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NOSD student count on the rise PDF Print E-mail
Written by MARK JAEGER   
Wednesday, 28 October 2015 18:55

Continuing a trend of recent years, the Northern Ozaukee School Board learned last week that the district’s student count has increased this year.

According to the count on the third Friday in September, when enrollment numbers are certified by the state, the district has 720 students.

Officials said in last year’s third Friday report, the count was 704 students. 

The latest tally includes 333 students at Ozaukee Elementary School, 160 at Ozaukee Middle School and 217 at Ozaukee High School.

“We are encouraged to see our student count increasing slightly,” Supt. Dave Karrels said in a report to the board.

“In addition, we are confident that our current staffing levels will be able to support this increase and provide a strong educational program to our students.”

Karrels noted the district is also hosting eight foreign-exchange students this year.

The district has 188 local students open-enrolling to schools outside the district, while attracting 86 outside students.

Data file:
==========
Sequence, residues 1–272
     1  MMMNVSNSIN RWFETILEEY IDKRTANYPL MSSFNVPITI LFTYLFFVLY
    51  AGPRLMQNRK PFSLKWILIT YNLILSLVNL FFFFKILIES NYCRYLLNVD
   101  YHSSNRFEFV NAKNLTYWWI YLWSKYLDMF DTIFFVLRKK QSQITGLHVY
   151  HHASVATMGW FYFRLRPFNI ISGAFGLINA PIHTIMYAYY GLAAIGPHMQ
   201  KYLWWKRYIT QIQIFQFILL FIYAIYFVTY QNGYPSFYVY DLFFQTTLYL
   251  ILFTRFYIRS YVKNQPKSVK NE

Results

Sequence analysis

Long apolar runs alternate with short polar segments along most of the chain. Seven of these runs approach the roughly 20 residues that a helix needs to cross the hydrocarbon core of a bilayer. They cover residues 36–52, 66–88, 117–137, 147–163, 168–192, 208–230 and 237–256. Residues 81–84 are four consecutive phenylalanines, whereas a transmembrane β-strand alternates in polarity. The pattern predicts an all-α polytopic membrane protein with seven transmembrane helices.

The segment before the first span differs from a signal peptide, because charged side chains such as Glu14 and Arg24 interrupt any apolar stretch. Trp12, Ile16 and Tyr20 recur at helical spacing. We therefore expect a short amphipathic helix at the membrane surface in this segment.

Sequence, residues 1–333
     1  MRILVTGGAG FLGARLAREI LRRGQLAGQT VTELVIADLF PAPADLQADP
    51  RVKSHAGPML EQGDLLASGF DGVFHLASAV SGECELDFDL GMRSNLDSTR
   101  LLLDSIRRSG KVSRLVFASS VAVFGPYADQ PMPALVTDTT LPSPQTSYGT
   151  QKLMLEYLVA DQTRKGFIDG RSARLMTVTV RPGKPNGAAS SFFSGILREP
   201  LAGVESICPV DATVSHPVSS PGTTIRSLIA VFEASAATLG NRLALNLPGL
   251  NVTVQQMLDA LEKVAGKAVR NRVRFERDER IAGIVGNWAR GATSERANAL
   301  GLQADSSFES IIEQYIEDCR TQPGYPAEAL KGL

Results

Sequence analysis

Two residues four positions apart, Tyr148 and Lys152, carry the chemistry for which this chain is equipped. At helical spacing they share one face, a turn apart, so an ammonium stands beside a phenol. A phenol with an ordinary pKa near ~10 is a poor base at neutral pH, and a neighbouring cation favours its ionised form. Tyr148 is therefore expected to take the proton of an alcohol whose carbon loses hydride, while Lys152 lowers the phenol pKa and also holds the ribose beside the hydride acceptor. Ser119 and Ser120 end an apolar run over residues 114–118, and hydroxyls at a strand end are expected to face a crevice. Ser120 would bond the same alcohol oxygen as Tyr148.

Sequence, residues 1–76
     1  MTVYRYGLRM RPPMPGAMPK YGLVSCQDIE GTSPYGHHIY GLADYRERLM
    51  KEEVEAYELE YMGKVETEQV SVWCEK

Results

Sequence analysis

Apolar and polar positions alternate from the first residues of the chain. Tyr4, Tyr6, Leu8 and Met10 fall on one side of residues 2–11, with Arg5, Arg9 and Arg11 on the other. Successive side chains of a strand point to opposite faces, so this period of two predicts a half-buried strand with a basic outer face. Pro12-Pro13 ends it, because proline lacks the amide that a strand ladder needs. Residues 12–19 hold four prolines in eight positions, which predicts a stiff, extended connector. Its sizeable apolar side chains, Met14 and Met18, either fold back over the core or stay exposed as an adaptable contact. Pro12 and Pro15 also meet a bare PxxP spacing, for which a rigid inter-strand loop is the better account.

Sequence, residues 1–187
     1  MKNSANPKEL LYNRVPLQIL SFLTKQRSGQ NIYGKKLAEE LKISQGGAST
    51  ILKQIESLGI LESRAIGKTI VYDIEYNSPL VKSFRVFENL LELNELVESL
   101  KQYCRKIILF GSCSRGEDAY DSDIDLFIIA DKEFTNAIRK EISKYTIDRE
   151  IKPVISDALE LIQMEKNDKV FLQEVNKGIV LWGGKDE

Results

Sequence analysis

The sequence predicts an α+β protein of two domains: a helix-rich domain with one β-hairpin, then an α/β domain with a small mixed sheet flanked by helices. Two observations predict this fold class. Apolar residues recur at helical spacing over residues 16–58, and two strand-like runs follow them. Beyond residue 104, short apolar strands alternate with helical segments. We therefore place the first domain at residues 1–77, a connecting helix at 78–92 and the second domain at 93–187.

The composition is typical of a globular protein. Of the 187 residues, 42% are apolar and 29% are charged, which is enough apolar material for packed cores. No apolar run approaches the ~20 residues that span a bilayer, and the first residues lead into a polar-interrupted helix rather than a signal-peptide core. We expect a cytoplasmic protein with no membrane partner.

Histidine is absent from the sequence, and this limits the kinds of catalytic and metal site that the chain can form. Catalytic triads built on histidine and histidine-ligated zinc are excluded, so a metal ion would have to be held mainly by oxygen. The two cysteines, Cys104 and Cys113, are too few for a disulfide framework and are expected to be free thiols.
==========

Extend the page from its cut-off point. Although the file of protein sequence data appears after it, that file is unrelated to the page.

In the past, district officials have noted that many of those who are listed as open-enrolled out of the district have never attended local schools.

That number includes students from families that have moved to the community and opt to have their children attend their old schools. In another common scenario,  parents find it more convenient to have their children attend schools near their place of employment or where they place their children in child care.

Open-enrollment is also the process used to bring students to Wisconsin Virtual Learning, the online charter school operated by the district.

The enrollment at the virtual school, which teaches students in kindergarten through 12th grade, was 422.

The charter school is operated so it pays for itself in state aids received. In addition, the program pays for a portion of several staff positions that are shared with the brick-and-mortar schools.

That enrollment represents a decline for the virtual program, and caused concern by at least one board member.

“How much lower can they go before they can no longer pay for themselves?” board member Rick Hamm asked.

Karrels said WVL has been adjusting its staffing levels to keep pace with the lower enrollment.

“WVL is still very much a positive for our district, and they have been doing a good job of making staff cuts as necessary,” he said.

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